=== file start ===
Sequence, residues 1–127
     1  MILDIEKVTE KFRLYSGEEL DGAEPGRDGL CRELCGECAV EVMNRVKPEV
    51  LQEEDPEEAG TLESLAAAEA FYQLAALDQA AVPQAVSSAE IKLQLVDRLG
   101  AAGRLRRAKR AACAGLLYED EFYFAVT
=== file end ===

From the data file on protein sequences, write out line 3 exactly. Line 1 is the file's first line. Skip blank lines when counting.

    51  LQEEDPEEAG TLESLAAAEA FYQLAALDQA AVPQAVSSAE IKLQLVDRLG